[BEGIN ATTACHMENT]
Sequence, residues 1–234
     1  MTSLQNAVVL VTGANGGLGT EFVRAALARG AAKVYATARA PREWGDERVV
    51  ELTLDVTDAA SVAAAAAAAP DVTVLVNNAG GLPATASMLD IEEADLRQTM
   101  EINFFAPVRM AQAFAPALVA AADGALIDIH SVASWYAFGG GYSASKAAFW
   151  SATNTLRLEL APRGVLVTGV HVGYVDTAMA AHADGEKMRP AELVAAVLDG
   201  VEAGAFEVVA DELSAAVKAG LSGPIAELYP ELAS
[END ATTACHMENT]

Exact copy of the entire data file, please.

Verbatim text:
Sequence, residues 1–234
     1  MTSLQNAVVL VTGANGGLGT EFVRAALARG AAKVYATARA PREWGDERVV
    51  ELTLDVTDAA SVAAAAAAAP DVTVLVNNAG GLPATASMLD IEEADLRQTM
   101  EINFFAPVRM AQAFAPALVA AADGALIDIH SVASWYAFGG GYSASKAAFW
   151  SATNTLRLEL APRGVLVTGV HVGYVDTAMA AHADGEKMRP AELVAAVLDG
   201  VEAGAFEVVA DELSAAVKAG LSGPIAELYP ELAS